So how many pots would you sell at a fair? You wholesaler has saved you the pitch fee, the petrol and a day's work selling (dunno about you but I still manage to work a whole day when I do a 3 hour fair ).
            That selling sum should be embedded in the price you sell your jams at and you should be able to extract it and still leave the maker part of you a profit. If the wholesaler/your delicatessen can sell on your jams at the same price as you do, you've cracked it. Don't cry, it hardly ever happens in a crafter's real life.

            Annie says - I make things costing 50p and discount if folk buy in 100s. It works and my customers come back for more. I also buy from a potter. £2 things. I spend £100+ and get a third off.

            But here's a wheelie dealie thought. Anna goes by the book with the doubling thing and struggles and Annie does the add a third and is on a roll. What's that about then?


            • #7
              Ah...pricing. Hardest thing of all.
              You can adhere to costings, formulae and stuff like that or you can price to sell (usually that is a cheaper price)
              bearing in mind that turnover is vanity while profit is sanity, there is no point in sitting smugly on a pile of expensive and unsold stock.
              (I certainly don't mark up by 400%!)


              • #8
                I would do more research and then stand by your prices (but be realistic at the same time).

                Compare prices in upmarket farmers shops & delis (similar items to yours in terms of size, packaging etc). Make sure that if you are still suggesting the shop to sell for around £5 your packaging is upmarket and well presented.

                Anna is right about other costs to consider with wholesale. You would usually work to order, which means you can focus on just what you need to produce and not waste time in guessing how many jars you need for next fair. That saves time (and money).

                The only way to reduce cost of item is to make it quicker - all other cost usually stays the same (providing that you are already buying in bulk & wholesale and getting the best price for ingredients). This often is a stumbling block for small producers, because you need more equipment, large premisses etc.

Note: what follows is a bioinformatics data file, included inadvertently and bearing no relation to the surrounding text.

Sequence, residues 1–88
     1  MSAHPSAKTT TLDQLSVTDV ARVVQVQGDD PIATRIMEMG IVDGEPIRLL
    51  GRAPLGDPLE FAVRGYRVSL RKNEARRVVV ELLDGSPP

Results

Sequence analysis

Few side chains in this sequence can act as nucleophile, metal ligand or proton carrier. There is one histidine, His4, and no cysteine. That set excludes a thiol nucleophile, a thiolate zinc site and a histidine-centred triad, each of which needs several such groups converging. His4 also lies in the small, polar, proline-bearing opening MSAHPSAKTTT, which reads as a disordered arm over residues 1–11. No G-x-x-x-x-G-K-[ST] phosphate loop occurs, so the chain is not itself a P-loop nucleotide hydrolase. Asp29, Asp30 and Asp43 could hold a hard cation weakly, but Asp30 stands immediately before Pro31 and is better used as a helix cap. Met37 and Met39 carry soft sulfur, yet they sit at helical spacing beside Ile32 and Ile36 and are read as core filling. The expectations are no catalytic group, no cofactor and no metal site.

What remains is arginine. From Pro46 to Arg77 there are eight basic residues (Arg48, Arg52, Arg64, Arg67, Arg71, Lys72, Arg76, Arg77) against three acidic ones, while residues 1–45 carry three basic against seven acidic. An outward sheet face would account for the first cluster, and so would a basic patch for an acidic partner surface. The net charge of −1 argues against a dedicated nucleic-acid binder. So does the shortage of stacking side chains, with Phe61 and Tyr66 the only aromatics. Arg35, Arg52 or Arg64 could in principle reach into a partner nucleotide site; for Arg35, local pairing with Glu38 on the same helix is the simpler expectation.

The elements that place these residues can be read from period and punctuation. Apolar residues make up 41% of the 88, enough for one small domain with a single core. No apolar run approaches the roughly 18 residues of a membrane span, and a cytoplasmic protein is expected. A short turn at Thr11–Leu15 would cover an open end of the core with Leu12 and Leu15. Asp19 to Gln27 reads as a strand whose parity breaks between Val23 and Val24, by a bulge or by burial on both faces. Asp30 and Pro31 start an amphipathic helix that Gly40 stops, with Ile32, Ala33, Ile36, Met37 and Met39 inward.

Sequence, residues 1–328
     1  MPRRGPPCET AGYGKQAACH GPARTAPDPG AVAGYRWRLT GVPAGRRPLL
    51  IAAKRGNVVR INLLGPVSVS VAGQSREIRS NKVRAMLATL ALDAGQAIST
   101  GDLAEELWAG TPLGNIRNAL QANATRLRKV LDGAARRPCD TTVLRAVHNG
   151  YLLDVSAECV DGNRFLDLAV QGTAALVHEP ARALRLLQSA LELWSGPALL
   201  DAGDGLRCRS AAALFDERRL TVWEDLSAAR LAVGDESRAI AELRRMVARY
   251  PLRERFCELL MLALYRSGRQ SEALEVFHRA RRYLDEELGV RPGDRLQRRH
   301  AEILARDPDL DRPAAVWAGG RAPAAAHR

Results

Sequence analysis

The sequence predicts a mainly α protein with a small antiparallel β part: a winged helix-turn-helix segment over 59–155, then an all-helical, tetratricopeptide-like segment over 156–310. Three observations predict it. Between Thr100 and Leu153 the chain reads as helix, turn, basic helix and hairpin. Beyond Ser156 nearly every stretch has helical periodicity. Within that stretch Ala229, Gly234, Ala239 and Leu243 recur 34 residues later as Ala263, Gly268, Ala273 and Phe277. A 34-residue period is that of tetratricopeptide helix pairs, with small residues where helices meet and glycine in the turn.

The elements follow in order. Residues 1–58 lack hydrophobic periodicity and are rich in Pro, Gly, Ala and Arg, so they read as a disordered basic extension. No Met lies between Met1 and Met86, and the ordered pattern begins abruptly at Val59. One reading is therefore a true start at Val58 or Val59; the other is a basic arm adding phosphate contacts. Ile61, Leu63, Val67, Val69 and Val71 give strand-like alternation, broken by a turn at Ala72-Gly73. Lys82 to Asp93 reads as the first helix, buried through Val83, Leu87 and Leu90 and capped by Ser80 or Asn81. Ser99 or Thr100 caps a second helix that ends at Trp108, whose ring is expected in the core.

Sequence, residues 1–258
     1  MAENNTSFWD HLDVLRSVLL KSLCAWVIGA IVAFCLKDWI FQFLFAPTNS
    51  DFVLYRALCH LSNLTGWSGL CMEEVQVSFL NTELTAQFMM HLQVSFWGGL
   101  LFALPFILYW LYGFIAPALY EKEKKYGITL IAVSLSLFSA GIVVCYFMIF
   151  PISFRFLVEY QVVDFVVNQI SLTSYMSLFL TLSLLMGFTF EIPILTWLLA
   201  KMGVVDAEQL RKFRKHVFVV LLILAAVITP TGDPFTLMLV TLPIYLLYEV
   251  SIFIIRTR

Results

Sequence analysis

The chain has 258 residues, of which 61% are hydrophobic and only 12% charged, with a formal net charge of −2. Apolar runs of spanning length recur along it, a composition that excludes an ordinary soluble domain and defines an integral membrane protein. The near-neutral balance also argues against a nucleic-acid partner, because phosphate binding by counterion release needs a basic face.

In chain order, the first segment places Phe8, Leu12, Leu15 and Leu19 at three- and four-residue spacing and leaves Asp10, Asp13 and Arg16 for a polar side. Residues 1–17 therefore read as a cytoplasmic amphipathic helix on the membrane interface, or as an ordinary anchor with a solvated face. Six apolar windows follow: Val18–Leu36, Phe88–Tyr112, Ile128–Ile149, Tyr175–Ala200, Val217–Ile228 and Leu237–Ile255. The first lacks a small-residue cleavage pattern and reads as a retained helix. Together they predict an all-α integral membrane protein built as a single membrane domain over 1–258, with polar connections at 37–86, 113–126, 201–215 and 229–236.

Love to know, how you get on - hope it goes well.
                Passionate about all things handmade...

                Proud owner of WowThankYou - stylish and affordable way of selling your crafts and makes

                Friendly advice and coaching for small businesses

                Cocoa & Heart Website


                • #9
                  Thanks again! I would usually sell between 50 - 70 jars at a fair. I know that I could up my prices a little at fairs (to £3 a jar). I've seen similar products for both the same price/size as mine, and also for up to £4 a jar - dependent on the brand/manufacturer. I'm going to drop the delicatessen an email, and see how it's received. If they don't want to stock my products, that's fine - I'll continue to sell at fairs and over the internet


                  • #10
                    Sounds like your pricing is spot on to sell at fairs. Although if you are under £3 I would try taking it up to that. it's a nice round amount which doesn't sound too heavy. I would certainly pay £3 for personally made jams.
                    While comparing prices with other people's lines in shops is sensible, if those £5 jars aren't selling then it's not such a good comparison. I would think that for a fiver a jar of jam would have to have something special about it, though I've no idea what.